Learning & Development: Accountability - Measuring up


It is only right that early years educators are accountable, but how do you measure performance and learning? Jan Dubiel explains how one project is helping practitioners to assess progress.

As early years educators, we are often faced with issues of 'accountability'. This is rightly so, as we know that the provision that children experience in their earliest years can have a profound impact on their outcomes, attainment and life chances.

Successive governments have begun to realise that investment in high-quality early years provision has a long-term influence on the kind of citizens that these children become. The time we spend with children, our actions and decisions all contribute to this, and we need to ensure we are acutely aware of - and accountable for - the difference we make to lives and possibilities.

Recent publications from the DfE and Ofsted have focused strongly on this and, in some cases, have challenged the sector to be more accountable for the pedagogical approaches it uses and how they lead to the kinds of outcomes we all want.

Easy to measure

This need to justify what we do to make children successful learners and thinkers can create a tension when it comes to demonstrating that - particularly how it is measured.

There is a quotation attributed to Albert Einstein - 'Not everything that counts can be counted, and not everything that can be counted counts' - and there is a danger that we can feel obliged to revert to simply measuring the things that are easy to measure, rather than the aspects of young children's learning and development that really matter and have an impact on their future.

So, as practitioners and settings, we need to be clear about identifying the aspects of learning that do matter and then develop imaginative, rigorous and meaningful approaches to being accountable for these.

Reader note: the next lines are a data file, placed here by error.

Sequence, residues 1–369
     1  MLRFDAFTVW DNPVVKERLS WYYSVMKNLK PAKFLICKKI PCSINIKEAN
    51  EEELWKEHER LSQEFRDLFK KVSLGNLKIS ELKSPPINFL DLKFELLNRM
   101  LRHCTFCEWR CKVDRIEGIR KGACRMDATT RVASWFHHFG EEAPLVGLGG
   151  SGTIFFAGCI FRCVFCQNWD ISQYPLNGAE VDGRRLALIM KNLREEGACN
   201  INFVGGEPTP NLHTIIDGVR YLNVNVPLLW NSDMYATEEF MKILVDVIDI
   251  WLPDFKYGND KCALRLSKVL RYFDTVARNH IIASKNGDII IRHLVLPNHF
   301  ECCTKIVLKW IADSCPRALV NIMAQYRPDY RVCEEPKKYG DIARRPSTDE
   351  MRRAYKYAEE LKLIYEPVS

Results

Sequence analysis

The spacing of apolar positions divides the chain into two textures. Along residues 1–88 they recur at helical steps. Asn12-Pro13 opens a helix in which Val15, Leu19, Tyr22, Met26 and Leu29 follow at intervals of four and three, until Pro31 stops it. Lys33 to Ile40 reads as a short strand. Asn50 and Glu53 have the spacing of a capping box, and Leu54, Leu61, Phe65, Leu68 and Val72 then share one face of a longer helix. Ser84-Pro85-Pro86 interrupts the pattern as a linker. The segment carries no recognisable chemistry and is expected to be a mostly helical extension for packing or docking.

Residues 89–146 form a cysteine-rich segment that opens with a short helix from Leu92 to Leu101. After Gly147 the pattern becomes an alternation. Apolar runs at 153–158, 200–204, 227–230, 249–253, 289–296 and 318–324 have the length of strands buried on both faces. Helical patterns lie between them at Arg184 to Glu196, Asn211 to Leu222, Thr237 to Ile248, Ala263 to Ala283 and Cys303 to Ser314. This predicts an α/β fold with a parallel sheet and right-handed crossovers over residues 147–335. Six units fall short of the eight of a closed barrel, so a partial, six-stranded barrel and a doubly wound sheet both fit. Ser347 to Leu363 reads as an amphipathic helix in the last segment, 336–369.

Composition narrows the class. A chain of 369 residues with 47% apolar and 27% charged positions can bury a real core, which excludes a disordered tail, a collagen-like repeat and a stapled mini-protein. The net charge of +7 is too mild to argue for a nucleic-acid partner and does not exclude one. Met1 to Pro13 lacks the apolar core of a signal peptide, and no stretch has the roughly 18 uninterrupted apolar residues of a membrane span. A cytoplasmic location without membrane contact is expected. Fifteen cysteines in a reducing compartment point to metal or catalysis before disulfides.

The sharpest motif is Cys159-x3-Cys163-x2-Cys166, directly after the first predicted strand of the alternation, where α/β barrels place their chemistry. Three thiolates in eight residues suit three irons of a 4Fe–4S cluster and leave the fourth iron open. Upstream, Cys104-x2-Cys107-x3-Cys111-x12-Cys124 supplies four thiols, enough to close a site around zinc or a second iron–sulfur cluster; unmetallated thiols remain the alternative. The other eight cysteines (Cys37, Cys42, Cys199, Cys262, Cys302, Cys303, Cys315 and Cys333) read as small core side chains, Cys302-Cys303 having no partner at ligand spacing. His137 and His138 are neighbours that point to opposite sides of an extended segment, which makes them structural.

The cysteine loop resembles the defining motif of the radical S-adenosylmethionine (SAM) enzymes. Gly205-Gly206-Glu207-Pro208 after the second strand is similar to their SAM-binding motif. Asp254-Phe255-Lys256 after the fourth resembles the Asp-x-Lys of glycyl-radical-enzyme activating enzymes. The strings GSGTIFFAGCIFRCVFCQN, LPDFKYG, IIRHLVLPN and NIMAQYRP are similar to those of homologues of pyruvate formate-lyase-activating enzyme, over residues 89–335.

Not only does this enable us to focus on significant learning through pedagogy and assessment, but it also empowers us to take positive ownership of the whole process and redefine how effective early years practice is perceived and understood.

Empathy and resilience

It has always been worth considering seriously exactly what we need to be accountable for, and which aspects of children's learning and development this should include.

A report by prominent business leaders, 'Making Education Work'(1), was recently published this year following a six-month review of the entire education system. Although the report focused on economic needs, it concluded that 'emotional maturity, empathy and other interpersonal skills are as important as proficiency in English and mathematics in ensuring young people's employment prospects. Assessment should reflect this reality.'

A cross-party parliamentary group on social mobility also recently stated that 'a belief in one's ability to succeed, the perseverance to stick to a task and the ability to bounce back from life's setbacks are qualities that have a major impact on life chances, both during education and, later, in the labour market'(2).

Whether or not these aspects are measurable in a statistical sense is a matter of contention, but what clearly emerged from both of these reports was that they really do matter and should, therefore, be part of any accountability for educators.